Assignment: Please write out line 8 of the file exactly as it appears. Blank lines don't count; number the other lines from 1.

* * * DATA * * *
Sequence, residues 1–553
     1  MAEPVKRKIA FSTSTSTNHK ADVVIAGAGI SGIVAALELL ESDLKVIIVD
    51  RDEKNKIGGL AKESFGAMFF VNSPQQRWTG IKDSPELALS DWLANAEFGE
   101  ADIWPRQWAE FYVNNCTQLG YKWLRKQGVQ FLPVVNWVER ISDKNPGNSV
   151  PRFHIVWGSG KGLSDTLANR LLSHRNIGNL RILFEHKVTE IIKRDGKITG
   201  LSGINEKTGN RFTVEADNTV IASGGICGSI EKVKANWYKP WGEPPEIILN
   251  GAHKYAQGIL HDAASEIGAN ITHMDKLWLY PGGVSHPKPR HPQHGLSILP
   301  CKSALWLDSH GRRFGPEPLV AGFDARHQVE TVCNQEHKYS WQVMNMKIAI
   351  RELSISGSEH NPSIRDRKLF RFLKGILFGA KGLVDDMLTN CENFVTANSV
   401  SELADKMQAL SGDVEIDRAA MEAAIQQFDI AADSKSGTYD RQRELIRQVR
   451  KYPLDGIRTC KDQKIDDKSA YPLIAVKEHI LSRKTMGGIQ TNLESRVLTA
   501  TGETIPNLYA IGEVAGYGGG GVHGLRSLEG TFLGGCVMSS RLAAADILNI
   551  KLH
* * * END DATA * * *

   301  CKSALWLDSH GRRFGPEPLV AGFDARHQVE TVCNQEHKYS WQVMNMKIAI